threeseparateorganizations were established.Intra-partymutualnon-interference withnon-communist nationsin the
documents makeitclear,however, thatthetwofledgling parties region. On theotherhand,Hanoi'sstatements andactionshave
inLaos andCambodiawouldbesubject toguidance bytheparent occasionallysuggested thatundercertaincircumstances, the
ICP, nowrenamed theVietnamese Workers Party,orVWP. regimemightbe inclinedto play a moreaggressive role in
For thenexttwodecades,thethreerevolutionary parties promoting instability and revolution in othernationsin the
cooperated inthecommon struggle against theforces ofFrance, region.
andlatertheUnitedStates.ButVietnamese domination overthe Thisambiguity is basedpartly onVietnam's recent historical
movement createdstrainsin therelationship, particularly in experience. Duringthepasttwodecades,Hanoi'srelations with
Cambodia,whereracialanimosity and historicsuspicionof itsnon-communist neighbors havebeenbasedona combination
Vietnamese intentions randeep. In themid-1960's,a radical ofsuspicion andhostility. Although theAssociation ofSoutheast
factionunder theParis-trained radicalPolPottookpowerwithin AsianNations(ASEAN) wasformed withtheprofessed goalof
the Cambodianrevolutionary movement and began to act promoting Southeast Asianneutralism andtaking theregion out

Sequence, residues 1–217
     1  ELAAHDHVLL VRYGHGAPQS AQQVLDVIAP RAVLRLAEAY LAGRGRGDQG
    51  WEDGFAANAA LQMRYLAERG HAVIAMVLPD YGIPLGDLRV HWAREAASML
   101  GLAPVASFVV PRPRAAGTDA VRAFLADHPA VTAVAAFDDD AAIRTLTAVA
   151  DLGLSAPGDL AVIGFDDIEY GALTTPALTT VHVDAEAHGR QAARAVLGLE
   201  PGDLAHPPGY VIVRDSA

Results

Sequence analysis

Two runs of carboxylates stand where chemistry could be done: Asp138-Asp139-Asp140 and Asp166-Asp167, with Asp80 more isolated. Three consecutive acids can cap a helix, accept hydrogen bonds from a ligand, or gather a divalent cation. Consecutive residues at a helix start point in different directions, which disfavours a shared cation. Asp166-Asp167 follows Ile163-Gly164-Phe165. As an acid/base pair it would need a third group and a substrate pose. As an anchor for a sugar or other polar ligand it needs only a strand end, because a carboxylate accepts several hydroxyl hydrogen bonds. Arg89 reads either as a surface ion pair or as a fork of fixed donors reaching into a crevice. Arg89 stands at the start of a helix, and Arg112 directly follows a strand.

independently of Vietnamese direction. Afterthecoup d'etat of the Cold War, severalof the ASEAN states,including
which overthrew theneutralistregime ofNorodom Sihanouk and Thailand,Singapore, andthePhilippines, provided theUnited
placed pro-Western military in
regime power inPhnom Penh in with
States active or verbal support during theVietnam War.At
1970,theCambodiancommunist forcesacceptedVietnamese thecloseofthewarin 1975,Vietnamese suspicion ofitsnon-
assistancein wagingtheirownrevolutionary struggle, which communist neighbors was reflected in officialforeign policy
resulted ina victorious seizureofpowerinApril1975.Butthe statements. In a jointcommunique issuedbyVietnam andLaos

18 • JANUARY 1987

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Revolutionary States

inFebruary 1976,thetwocountries announced theirreadiness notonlyinforeign

to effects, policybutindomestic as well,
developtiesoffriendship andcooperation withotherSoutheast sincetheVietnamese economy linkedwiththatof
is intimately
Asiannations onthebasisofmutual respectforsovereignty and theSovietUnionthrough common membership intheMoscow-
theprinciples ofpeacefulcoexistence. Atthesametime,other dominated CouncilforMutualEconomicAssistance (CMEA).
official ASEAN forallegedly
sourcescriticized servingas a tool HowmuchthislinkwiththeSovietUnionaffects Vietnamese
ofAmerican neocolonialism andcitedas evidence theorganiza- foreignpolicyactionsandobjectives ofdebate.China
isa matter
toapprove thepresence ofUS militarybasesin hascharged thatHanoihasbecomea Sovietpuppet inSoutheast
theregion. Asiaand,likeCastro'sCuba,Moscow'sideological comrade in
When the crisiswithChina over Cambodiaintensified,providing support movements
forsubversive inthethirdworld.In
however, Hanoisoftened itsstance.During thesummer of1978, connection with thischarge, havebeenunconfirmed
there reports
PrimeMinister PhamVanDongembarked ona tourofASEAN thattheSRVhasprovided trainingandequipment forinsurgency
countries duringwhichhe offered a non-aggression pactwith movements in Africaand CentralAmerica.The Vietnamese
ThailandandpledgedthatVietnam wouldnotprovide support
forinsurgency movements intheregion.Suchpeacefeelers were